B. Freelance. Subsubfolders: project (1 currently). I’ll probably add subsubsubfolders for leads et.c.

        2. Home
        Subfolders:
        A. Admin, which splits into subsubfolders for bills, purchases and documents
        B. Housework, which splits into subsubfolders Indoor, Yard, Car and Laundry. Indoor has a subsubfolder for each area to clean sequencing the tasks involved (for some areas, the involved tasks may be set to all be done on the same day, e.g. that is most practical for cleaning the fridge. Others may just be set up independently with regular intervals using “after”.
        C. Adls. No subfolders so far. My daily routines + things like “A proper meal” (after 3 days… at least) is on and haircut and nail cut etc are on… the little things I tend to forget for long periods of time. More will be added.
        D. Pet care divided into subsub folders vet, purchases (pets), and acitivities

        3. Creative/Hobby. That is all my favourite projects.
        Subfolders:
        A. Mados (my blog). Subsubs: different types of blog projects. Subsubsub eg: the post folder (“The Pipe”) has subsubsubsubwhatever folders for series and other more comprehensive projects + draft posts I want to write/complete.

        B. Dialogue. Comments I need to reply to et.c. Partly to learn to not reply to comments straight away if I should do other things! So a place to offload them to get them out of my mind, and then I can mark them “today” and put them on my official agenda when I decide to and have real time to do it.

        (this comment is an example of that strategy not working. Oh well… just getting started!)

        C. Book reviews. Subsubfolders: one of each book. And I import the process as a teplate; from getting and reading the book to making notes, making a draft, publishing on GoodReads and publishing on my blog.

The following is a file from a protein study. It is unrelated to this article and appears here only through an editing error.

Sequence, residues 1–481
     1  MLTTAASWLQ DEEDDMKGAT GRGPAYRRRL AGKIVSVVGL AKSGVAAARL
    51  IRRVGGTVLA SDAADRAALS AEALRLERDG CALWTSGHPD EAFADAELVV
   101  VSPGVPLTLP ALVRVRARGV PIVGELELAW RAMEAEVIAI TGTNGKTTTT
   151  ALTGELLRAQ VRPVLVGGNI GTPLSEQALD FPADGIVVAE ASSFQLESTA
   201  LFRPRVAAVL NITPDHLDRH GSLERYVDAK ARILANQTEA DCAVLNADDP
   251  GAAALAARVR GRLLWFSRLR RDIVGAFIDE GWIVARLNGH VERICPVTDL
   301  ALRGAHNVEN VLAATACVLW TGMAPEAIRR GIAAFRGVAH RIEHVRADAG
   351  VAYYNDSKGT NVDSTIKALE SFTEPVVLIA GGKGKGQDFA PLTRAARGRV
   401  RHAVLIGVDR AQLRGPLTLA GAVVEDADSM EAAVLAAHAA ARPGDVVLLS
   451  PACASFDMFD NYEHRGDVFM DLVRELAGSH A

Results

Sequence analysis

D. A book project I have in mind

        E. Organiser projects

        F. Music, with subsubfolders: Learning/practising piano and Garageband (the Mac app). Haven’t set any tasks up yet.

        G. Visual design (e.g. projects in Photoshop). Not set up yet.

        H. Edu (self-education projects). Subsubfolders Research, and Practical skills. Not set up more yet.

        I use the creative projects to reward myself, because these are what I would do all day long if I had infinite time. I set up the projects I want to do without a deadline to get them off my mind, and when I have done enough of the “have to” tasks then I reward myself by picking a favourite project and putting it on my official agenda with a deadline.

        Apart from that I try to not spend too much time setting up creative tasks, because I already have way too many I would like to do… more than I have time.

        4. Social
        That one is very, very important. One of the folders is “keep in touch”, where I have set up inviting e.g. each of my parents members for a coffee via Skype (all my family live on the other side of the planet…) with regular intervals. Context: I don’t talk with my mother on the phone every year, prob. less than every 3 years if that much. I talk with my dad a few times per year and less with my siblings. Just because it just doesn’t happen. So that is a very important change.

        I’ll also set up the same to keep regular (even if infrequent) contact with certain persons who are my friends in principle and who I would like to keep knowing, but where the contact is extremely rare.

        Yes, so I can’t even begin to say how much this function has the potential to improve my social network maintenance, just because it tends to almost non-existing, so a small improvement is a big change. I have already remembered to invite both of my parents to each a “coffee” (via Skype) and talked with my brother a few days ago. For the first time in years!

        There is also an “Events & commitments” folder et.c. in “Social”.

        OK so this became very long and it was not on my agenda ………………. Illustrating why I need an agenda, I guess! It is OK with some sidetracks because they can be of excellent value personally and sometimes community-wise, as long as sidetracks don’t prevent from keeping a reasonable steady course getting all the necessities done. Which is the point.

        • Oooh! I like the idea of social. Adding reminders to call people regularly. That is a good idea. Because that is something I don’t do, that I should.

          • Yes, I find it easier to approach when it is an actual task I can do and then tick off … rather than always have it hanging that “I know I should, but I don’t feel like it today” (…ever)

      • Correction:

        I’ll probably add subsubsubfolders for leads et.c.

        I meant subsubfolders.